Viable and fertile hybrid offspring may become reproductively isolated from both parental forms and, given time, come to represent distinct entities; hybridization followed by inbreeding could increase mutation rates in offspring, leading to increased divergence from parental forms, especially where the recombinant population is geographically isolated [7,27]. Anthropogenic landscape fragmentation may accelerate this process by increasing geographic isolation. Additionally, hybrid swarms are populations in which considerable introgression has occurred (i.e., backcrossing to one or both parental taxa throughout a number of generations, in addition to mating among the hybrid individuals themselves) [8,14,25]. Extensive hybridization and introgression are often associated with habitats disturbed by anthropogenic activity [12]. Therefore, conservation strategies oriented toward avoiding hybrid swarms should incorporate guidelines to avoid introgression. Such guidelines will be most effective if they lead to landscape development and conversion that will be least disruptive to ecological conditions and geographic continuity.  

3.5.  Purpose and Goals 

Better understanding of the relationship between anthropogenic activities and hybridization rates will increase conservation and management effectiveness, particularly in light of environmental change and degradation [10,35-37]. The purpose of this paper is to synthesize conceptual issues which will stimulate further consideration of anthropogenic influences on hybridization. The overall goal of this paper is to identify and link specific management practices with hybridization occurrences. We hold that wildlife managers and ecosystem conservationists may benefit from suggested methods by which management effectiveness may be increased. The following two questions guided our analysis:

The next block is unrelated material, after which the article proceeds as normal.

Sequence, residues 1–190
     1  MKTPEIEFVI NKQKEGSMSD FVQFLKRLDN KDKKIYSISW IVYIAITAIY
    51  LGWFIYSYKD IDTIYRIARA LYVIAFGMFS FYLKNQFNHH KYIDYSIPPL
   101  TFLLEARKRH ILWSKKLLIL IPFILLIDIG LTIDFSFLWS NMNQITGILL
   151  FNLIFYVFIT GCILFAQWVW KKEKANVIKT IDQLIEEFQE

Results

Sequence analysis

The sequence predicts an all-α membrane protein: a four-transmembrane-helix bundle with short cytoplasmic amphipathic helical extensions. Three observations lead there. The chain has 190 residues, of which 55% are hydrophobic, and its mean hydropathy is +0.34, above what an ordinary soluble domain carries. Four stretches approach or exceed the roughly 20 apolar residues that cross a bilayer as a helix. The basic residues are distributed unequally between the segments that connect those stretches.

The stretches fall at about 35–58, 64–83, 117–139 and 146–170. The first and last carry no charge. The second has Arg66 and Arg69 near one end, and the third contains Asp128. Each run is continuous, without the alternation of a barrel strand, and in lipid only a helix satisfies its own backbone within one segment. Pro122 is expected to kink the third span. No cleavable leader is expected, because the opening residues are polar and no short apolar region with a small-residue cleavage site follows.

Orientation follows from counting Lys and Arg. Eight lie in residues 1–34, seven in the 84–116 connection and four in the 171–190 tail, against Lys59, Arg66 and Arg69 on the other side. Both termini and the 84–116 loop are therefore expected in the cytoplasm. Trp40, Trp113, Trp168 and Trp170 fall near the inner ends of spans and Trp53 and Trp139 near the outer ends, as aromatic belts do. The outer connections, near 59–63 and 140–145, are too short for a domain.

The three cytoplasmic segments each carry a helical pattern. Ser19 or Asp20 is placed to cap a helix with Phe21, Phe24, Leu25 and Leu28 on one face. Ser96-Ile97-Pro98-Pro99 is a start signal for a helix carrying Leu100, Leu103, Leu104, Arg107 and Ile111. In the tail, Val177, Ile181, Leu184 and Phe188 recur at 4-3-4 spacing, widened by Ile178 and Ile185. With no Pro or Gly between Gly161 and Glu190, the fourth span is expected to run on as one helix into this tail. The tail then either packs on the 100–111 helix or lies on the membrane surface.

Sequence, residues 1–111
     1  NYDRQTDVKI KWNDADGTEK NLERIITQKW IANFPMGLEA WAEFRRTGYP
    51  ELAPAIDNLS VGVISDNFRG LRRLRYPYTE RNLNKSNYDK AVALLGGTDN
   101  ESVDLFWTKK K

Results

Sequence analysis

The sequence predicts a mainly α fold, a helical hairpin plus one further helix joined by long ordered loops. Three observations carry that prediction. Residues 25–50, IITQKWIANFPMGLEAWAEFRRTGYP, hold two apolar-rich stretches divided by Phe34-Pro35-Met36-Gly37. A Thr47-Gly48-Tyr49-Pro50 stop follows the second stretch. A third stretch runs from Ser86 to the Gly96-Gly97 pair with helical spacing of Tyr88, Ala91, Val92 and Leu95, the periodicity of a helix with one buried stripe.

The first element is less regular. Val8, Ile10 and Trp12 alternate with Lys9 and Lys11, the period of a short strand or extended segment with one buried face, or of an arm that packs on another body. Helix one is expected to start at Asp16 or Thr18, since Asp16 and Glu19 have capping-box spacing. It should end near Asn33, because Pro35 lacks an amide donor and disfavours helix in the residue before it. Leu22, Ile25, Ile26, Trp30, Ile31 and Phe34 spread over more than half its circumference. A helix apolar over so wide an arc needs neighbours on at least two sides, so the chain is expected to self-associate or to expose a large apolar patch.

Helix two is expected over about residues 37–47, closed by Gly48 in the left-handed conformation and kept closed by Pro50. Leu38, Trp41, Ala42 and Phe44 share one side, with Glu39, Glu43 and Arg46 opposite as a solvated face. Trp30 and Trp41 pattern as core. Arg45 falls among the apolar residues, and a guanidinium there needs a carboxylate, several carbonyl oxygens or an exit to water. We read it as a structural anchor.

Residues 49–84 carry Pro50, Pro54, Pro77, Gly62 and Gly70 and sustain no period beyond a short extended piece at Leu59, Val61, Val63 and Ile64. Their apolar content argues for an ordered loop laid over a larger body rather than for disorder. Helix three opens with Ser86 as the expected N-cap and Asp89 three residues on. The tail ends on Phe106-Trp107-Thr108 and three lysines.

·         Which anthropogenic management decisions induce mammalian hybridization?

·         What biological and spatial information should be considered in landscape management and species conservation plans in order to decrease hybridization probability? 

4.       Methods 

We conducted a search on Google scholar and web of science utilizing keywords such as hybridization, mammals, biological interventions, founder populations, and conservation implications. Papers that were cited in an exceeding number in future papers were included. Additionally, we researched specific cases and published correspondences between authors in order to get an updated comprehension of the literature.  We teased out common threads concerning anthropogenic landscape changes and hybridizing species. We synthesized case studies with respect to three aspects: